What is a charlie-horse?
I'm a 20 year old female college student that just recently started swimming to get in shape. However every time I go swimming after swimming about 800meters I get a really sharp pain in my foot, its the worst pain I've ever felt. Other swimmers tell me that its a charlie-horse, but I have no idea what that is to be honest. The first time I had it my foot was sore for a few days after the occurrence. When is was sore I didn't go swimming and I want to get into the pool again without having to worry about my foot feeling like its going to explode in the middle of a lap.
There are many different causes of these types of pain, but luckily many of these are minor and not worrisome in a young women your age. That being said, there are a few causes that can be a sign of worsening disease. Therefore, if these symptoms persist, I would recommend that you talk to and see your doctor. A charlie-horse or charley horse refers to a muscle spasm or cramp. This most often refers to cramps of the hamstrings (back of the thigh) or calf (back of the lower leg). All muscles are innervated by nerves which tell the muscle when to contract and when to relax. A cramp occurs when either the nerve inappropriately tells the muscle to contract (spasming tightly) or there is direct irritation in the muscle that causes a spasm. The most common cause of spasms is over-activity. A muscle that suddenly starts working can become irritated and spasm due to an inappropriate use of energy. That is why stretching allows the muscles to "loosen up" and increase blood flow. It sounds like this may be a cause of your pain. I would recommend comprehensive stretching. There are other causes of pathologic spasms. These include medicines, electrolyte abnormalities, dehydration, blood clots and muscle inflammation. I would recommend aggressive electrolyte fluid (like gatorade) and stretching prior to swimming next. If your symptoms continue, see your doctor to rule out other causes.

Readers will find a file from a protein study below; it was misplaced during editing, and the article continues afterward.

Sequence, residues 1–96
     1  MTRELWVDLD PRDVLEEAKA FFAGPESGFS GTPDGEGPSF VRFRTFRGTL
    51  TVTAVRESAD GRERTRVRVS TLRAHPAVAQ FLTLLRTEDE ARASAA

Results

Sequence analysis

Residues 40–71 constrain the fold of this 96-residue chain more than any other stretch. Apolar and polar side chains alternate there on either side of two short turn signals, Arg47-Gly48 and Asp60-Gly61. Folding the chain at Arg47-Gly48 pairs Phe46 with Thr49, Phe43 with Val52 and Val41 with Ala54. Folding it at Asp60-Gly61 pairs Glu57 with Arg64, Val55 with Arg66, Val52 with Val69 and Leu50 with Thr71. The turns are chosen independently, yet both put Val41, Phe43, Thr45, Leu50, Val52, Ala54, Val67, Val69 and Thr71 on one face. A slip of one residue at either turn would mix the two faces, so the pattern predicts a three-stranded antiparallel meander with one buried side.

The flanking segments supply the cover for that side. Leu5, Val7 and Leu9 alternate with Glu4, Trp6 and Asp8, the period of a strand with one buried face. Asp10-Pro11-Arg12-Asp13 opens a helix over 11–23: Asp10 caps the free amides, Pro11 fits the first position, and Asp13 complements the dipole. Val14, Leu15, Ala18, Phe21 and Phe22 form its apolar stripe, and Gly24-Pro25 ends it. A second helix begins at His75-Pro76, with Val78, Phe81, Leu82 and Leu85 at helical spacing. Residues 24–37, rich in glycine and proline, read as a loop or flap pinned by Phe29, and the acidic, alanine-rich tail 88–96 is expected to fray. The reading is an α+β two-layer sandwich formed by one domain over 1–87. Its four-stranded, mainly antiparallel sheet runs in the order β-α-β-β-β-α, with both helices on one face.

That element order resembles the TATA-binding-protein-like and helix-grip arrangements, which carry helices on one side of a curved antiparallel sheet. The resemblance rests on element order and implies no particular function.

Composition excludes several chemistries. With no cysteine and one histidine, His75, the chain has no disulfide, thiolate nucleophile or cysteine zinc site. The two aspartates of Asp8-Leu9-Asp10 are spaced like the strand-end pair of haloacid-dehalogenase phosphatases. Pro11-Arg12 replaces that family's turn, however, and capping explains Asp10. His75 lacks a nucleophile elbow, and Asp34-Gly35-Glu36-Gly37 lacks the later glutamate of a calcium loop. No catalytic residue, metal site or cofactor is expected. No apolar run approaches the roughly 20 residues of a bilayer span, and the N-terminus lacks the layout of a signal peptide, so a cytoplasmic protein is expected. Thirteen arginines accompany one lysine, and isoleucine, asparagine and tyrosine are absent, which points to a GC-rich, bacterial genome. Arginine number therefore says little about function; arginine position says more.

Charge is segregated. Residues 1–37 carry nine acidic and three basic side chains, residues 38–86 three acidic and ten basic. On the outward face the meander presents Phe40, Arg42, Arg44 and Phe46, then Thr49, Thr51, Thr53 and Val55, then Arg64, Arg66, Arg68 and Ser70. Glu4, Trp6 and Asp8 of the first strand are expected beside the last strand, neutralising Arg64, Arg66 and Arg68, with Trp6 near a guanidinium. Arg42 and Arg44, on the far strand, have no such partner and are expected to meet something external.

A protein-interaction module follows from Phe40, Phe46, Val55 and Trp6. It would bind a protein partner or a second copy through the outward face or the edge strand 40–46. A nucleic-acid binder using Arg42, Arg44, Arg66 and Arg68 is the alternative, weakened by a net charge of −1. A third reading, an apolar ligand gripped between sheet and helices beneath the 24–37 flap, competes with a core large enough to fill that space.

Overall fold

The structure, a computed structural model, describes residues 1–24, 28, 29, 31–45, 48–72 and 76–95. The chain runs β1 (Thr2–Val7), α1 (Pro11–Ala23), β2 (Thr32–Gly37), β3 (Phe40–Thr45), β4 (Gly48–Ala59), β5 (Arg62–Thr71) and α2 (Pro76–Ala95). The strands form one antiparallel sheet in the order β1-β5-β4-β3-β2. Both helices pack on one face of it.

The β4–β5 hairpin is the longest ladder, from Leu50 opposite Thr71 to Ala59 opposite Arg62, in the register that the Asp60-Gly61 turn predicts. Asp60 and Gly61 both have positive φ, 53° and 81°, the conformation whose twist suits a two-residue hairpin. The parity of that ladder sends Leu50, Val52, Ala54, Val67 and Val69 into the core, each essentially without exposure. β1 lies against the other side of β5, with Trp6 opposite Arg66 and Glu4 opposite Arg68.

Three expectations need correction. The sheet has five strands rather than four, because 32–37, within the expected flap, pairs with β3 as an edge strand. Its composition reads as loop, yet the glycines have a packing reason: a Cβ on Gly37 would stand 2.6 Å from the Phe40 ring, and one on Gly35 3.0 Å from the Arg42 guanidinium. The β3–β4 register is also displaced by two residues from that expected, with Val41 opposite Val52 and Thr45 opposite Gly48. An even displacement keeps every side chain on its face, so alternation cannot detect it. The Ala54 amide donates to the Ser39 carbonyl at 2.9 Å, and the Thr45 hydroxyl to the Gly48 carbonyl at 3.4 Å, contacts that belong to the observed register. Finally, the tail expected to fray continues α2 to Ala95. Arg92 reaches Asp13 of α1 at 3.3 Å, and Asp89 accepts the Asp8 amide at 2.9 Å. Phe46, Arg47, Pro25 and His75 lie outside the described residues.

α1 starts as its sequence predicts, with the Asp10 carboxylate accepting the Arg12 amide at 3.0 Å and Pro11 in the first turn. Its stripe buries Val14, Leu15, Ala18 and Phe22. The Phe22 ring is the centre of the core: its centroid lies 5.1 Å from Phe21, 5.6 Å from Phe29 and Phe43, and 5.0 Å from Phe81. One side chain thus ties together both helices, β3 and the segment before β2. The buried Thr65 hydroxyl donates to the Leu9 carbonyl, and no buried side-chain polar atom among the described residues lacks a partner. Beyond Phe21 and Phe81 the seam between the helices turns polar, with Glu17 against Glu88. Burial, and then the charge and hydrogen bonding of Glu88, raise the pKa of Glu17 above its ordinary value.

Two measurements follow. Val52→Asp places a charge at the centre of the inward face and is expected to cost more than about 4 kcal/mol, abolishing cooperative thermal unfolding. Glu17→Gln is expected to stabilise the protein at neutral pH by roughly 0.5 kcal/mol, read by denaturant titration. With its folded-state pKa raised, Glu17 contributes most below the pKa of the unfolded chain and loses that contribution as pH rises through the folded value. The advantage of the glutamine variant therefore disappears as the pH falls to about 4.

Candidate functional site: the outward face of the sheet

This answer is for general informational purposes only and is not a substitute for professional medical advice.
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